Farmers Protest Unfair Agricultural Business Bills on the Streets of the Indian Capital

Farmers carry placards at a site of a protest against the newly passed farm bills at Singhu border near Delhi, India, November 28, 2020. REUTERS/Anushree Fadnavis

By Gurman Sidhu 

INDIA — In September 2020, the Parliament of India passed three laws that forced over two million people worldwide to protest and thousands in India to unite and gather at the Indian Capital. 

For the past three months, farmers have been living on these streets while they attempt to convince the Indian government to abolish these laws. 

The first law allows unregulated trade where big corporations could come into the market and buy goods from farmers at low prices. The second law creates a system in which business contracts between farmers and corporations would not have any oversight, allowing corporations to decide on terms and prices that benefit them. The third law eliminates storage limits that were previously set by the government to control prices. 

Together these laws will alleviate the rules regarding the sale, pricing and storage of crops, which will allow the rich to exploit poor Indian farmers. The minimum support prices that the government offers for many crops would also be taken away from these farmers. 

After the Green Revolution in India that began decades ago, the government helped farmers produce more crops and regulate their trade. However, this project came with many cons, such as the use of fertilizers which have killed many crops indirectly increasing the cost of farming. Of the 1.4 billion citizens of India, nearly half make up the country’s labor force. Yet, agriculture went from accounting for almost 50 percent of the nation’s economy to only 15 percent, today. The decrease in the agricultural economy correlates to the drop in how much farmers earn.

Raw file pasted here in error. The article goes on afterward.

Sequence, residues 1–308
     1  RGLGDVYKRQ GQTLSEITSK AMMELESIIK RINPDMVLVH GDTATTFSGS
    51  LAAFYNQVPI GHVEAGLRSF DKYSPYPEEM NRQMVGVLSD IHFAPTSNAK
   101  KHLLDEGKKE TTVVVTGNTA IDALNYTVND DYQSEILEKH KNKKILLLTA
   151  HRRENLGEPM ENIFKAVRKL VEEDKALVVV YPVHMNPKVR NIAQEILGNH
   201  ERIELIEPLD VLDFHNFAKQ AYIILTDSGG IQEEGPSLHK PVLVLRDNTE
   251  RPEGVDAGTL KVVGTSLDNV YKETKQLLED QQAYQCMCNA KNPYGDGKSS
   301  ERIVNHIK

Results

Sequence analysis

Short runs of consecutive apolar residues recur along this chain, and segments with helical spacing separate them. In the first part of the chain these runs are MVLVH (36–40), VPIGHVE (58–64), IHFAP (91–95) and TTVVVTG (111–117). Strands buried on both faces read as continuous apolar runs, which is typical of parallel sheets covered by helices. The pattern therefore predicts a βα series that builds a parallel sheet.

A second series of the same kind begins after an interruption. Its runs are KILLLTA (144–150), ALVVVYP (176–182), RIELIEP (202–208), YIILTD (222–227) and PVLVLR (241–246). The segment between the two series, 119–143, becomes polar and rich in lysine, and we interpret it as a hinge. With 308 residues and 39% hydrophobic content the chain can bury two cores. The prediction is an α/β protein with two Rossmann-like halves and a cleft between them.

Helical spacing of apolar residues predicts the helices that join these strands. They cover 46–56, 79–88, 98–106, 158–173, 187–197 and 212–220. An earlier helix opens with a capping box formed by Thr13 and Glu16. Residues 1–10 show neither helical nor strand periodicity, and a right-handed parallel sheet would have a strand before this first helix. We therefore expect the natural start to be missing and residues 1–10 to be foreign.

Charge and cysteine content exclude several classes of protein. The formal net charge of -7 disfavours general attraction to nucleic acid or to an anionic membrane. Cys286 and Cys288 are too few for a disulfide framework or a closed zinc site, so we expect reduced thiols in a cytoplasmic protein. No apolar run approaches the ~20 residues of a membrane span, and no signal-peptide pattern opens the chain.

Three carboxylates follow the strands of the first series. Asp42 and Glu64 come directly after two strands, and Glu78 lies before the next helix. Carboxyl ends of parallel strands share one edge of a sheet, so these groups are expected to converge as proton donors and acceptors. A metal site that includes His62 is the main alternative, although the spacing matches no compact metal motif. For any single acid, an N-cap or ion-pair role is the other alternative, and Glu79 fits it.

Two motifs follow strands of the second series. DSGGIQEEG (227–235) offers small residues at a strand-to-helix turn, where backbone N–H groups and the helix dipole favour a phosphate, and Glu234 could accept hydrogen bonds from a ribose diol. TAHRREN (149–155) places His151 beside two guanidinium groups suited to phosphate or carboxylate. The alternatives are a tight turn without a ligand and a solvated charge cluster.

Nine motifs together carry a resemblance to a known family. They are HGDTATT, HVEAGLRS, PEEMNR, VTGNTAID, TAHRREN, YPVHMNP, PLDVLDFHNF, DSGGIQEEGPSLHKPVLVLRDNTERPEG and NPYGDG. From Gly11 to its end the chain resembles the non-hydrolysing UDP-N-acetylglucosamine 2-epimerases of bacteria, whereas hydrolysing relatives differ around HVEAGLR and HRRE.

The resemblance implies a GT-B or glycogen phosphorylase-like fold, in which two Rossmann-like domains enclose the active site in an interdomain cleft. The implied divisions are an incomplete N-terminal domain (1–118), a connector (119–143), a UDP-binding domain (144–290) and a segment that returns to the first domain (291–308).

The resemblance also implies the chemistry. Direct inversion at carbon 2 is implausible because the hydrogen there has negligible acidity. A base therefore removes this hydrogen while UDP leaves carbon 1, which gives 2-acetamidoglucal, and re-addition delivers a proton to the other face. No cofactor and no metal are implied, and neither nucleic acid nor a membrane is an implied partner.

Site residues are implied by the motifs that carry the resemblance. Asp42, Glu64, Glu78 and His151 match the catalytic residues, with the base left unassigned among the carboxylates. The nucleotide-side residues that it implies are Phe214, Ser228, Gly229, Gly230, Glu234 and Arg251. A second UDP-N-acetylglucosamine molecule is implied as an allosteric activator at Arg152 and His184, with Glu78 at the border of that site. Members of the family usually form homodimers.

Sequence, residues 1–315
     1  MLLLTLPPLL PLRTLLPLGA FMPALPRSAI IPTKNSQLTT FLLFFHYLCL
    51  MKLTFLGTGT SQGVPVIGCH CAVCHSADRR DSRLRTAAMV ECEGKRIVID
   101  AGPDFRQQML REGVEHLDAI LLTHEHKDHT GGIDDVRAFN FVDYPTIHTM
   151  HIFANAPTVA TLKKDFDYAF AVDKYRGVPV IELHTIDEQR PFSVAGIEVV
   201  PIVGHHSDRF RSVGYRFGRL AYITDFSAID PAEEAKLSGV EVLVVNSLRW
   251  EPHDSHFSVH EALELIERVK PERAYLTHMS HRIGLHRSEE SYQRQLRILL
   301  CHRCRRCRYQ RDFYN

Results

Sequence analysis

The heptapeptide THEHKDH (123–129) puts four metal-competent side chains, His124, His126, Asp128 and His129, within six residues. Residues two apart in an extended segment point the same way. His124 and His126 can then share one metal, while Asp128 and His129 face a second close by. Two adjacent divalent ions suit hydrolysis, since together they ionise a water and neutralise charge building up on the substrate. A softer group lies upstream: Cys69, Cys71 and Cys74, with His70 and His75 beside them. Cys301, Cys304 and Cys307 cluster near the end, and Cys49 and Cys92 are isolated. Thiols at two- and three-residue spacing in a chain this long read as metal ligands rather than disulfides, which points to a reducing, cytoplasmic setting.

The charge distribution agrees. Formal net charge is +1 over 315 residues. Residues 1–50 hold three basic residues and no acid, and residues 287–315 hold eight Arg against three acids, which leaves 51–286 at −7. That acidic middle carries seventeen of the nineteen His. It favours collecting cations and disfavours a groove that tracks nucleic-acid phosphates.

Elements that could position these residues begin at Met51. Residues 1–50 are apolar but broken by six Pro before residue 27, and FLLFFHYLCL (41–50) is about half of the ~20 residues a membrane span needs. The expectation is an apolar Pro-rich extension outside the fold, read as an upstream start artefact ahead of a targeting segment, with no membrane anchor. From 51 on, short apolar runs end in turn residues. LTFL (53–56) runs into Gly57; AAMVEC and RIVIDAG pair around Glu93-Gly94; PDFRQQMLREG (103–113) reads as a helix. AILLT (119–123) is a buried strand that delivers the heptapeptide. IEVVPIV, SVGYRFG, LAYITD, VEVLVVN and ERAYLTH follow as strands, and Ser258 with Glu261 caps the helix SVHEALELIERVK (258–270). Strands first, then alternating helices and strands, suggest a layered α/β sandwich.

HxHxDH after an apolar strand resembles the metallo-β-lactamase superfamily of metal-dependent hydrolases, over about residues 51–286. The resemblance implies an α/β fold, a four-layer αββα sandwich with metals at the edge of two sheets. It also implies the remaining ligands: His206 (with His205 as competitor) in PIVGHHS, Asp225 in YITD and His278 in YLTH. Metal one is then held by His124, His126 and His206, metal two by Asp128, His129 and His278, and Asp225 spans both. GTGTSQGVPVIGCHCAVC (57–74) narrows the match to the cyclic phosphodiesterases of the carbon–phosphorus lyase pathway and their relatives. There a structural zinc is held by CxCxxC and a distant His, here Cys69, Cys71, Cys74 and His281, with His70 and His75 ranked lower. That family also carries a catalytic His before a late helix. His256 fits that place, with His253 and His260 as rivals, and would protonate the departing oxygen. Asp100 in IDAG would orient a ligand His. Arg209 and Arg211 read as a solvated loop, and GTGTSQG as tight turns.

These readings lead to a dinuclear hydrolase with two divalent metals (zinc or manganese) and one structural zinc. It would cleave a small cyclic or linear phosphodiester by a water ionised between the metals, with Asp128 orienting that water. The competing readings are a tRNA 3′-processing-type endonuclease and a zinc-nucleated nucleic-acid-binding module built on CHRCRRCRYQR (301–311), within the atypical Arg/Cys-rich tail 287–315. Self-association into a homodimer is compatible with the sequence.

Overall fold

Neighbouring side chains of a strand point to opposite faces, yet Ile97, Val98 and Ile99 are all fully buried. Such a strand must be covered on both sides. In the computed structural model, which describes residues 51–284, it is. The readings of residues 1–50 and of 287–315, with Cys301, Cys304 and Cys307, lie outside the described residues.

In a study covered by the Hindustan Times Analysis, it was revealed that the income of farmers from 2018-2019 has been on average $140 (10,329 Indian Rupees) a month. This is a result of the nearly 52 percent of farmers who are in debt. These Indians rely on farming to put food on their tables and provide a roof over their heads. Though many of them being unable to do so, the nation has developed a suicide crisis amongst farmers. Today, approximately 20,000 farmers have committed suicide due to the poverty they face. 

The government’s new laws will strive to make the long history of poverty amongst farmers even more extensive. 

The farmers have recently announced that on the 26th of January 2021, the Republic Day of India, that there will be a rally with over a hundred thousand tractors driving through India’s capital. As protests continue, they have made it clear: they will not go home without justice being served. 

 

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